'Offsetting' is not a long-term sustainable solution to the problem of too much carbon use - if you work through the calculations, there is not enough land on the planet to plant enough trees, and not enough scope for replacing oil by yak dung and so on. The situation where 'offsetting' may help is where the maximum practical reduction in carbon use is being made - then 'offsetting' may alleviate some of the damage done by the remainder.
What is 'offsetting' ?The theory is that instead of reducing the amount of CO2 that you generate, you pay for someone else to reduce their CO2 emissions or absorb CO2 in some way.
Methods of 'offsetting'Principally tree planting, energy conservation, and funding research (e.g. into energy conservation and renewable energy).
Planting trees - pros and consThe theory is that by personally planting trees or contributing to a commercial organisation or charity that will do this, trees will be planted that will (as they grow) take up an amount of CO2 equal to what you generate.
One problem is that the trees will take decades to absorb the CO2 but you are generating it now - and we need to reduce CO2 emissions now. Another problem is that the trees will give back the CO2 into the atmosphere eventually when they die and decompose, and so as well as planting the trees, you have to ensure that the land where they are planted remains as woodland indefinitely - impossible to guarantee, especially as forests are now dying from drought or being destroyed in forest fires. Finally, and crucially, the amount of land needed makes this unsustainable in the long term.
Reducing CO2 emissions elsewhere - pros and consA commercial organisation or charity promises to set up a project where your money will reduce someone's CO2 emissions by replacing fossil fuel by a renewable source or some energy saving measure. The problems with this are that it is hard to be confident that this will actually happen.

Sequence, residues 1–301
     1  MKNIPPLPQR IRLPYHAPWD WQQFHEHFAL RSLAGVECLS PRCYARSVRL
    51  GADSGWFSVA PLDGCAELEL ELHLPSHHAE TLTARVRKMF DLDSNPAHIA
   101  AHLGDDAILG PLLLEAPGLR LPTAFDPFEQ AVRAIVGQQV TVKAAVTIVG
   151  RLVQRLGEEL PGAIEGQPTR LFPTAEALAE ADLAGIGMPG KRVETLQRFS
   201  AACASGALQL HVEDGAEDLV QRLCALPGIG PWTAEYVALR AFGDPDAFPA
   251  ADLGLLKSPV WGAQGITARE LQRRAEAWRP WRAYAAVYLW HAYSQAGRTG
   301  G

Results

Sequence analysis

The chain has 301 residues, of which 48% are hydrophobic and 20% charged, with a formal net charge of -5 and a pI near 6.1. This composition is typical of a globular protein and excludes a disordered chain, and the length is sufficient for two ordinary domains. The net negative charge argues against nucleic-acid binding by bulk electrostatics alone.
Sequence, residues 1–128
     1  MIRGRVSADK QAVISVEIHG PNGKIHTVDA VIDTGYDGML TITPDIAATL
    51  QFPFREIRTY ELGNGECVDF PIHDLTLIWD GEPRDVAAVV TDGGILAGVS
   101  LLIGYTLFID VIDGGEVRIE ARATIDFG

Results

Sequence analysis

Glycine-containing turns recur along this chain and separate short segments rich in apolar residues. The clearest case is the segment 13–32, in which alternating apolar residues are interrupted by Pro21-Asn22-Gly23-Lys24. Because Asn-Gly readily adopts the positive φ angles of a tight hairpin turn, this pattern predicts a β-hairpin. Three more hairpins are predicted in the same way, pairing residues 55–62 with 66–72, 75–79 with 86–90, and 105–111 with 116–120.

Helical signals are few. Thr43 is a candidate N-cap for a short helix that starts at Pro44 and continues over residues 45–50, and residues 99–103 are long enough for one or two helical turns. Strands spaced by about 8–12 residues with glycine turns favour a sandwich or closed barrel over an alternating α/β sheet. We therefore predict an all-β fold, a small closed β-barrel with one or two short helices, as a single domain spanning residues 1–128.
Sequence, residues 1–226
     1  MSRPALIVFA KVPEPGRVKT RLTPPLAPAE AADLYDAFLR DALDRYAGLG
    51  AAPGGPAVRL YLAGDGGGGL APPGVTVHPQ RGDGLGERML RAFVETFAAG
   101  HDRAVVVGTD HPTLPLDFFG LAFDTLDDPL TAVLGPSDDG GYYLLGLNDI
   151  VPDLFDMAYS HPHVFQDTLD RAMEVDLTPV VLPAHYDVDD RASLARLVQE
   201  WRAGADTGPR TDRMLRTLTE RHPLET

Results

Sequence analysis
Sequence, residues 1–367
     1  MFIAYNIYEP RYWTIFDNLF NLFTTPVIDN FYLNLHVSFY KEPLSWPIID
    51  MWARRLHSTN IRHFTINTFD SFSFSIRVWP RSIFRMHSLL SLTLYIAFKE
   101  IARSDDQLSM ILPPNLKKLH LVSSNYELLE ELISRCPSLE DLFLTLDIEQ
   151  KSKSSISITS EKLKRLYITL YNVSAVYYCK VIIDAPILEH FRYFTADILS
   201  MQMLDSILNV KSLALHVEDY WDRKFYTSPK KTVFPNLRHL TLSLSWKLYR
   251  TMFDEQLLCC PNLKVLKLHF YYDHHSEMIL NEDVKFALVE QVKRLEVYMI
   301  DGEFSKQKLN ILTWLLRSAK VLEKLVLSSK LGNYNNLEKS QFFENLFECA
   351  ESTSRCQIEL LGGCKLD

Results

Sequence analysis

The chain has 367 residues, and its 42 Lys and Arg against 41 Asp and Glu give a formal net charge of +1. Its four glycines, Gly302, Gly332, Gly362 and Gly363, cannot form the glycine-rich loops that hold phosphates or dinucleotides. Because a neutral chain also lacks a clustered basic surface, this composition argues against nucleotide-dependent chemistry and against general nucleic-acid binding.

Funding research - pros and consThe theory is that your money pays for research that will result in future reductions in CO2 emissions. The problem is finding a project that will achieve this - thousands of companies around the world are already spending large sums on developing technologies - the profit motive will almost certainly achieve this better than donations.
What others say
|Environmental charities||Friends of the Earth, Greenpeace, & WWF|
|Commercial organisations||BP (www.targetneutral.com), British Airways, Ford and Land Rover|
- Friends of the Earth: www.foe.co.uk/resource/faqs/questions/climate_change_why_offsetting.html viewed 18.9.07
- Greenpeace: www.greenpeace.org.uk/media/press-releases/greenpeace-statement-on-carbon-off-setting viewed 18.9.07
- WWF: Gives support for 'offsetting' "only as the final part of a three-pronged approach known as 'avoid, reduce, then offset'. Only when all options to avoid or reduce greenhouse gas emissions have been exhausted (these include e.g. buying green electricity, using public transport, or using video-conferencing instead of flying to meetings) should they proceed to offsetting" http://www.panda.org/what_we_do/footprint/energy_solutions/smarter_energy_news/?126681/Go-with-Gold-for-quality-carbon-offsetting (viewed 9 May 2009).
ConclusionsWe do not believe that any of the methods of 'offsetting' should form part of the plans to tackle climate change. The world is producing too much CO2, and we need to tackle this head-on by taking responsibility and reducing our emissions to a sustainable level. 'Offsetting' schemes probably do more harm than good by giving the impression that we can all carry on just as we are, with payment of just a few pounds/euros/dollars (and not asking awkward questions about whether they actually do any good).
- http://www.newint.org/issues/2006/07/01/ New Internationalist July 2006 issue (articles available online )
- http://en.wikipedia.org/wiki/Carbon_offset Wikipedia on Carbon offset(viewed 9 May 2009)
First published: 2007
Last updated: 14 Jul 2019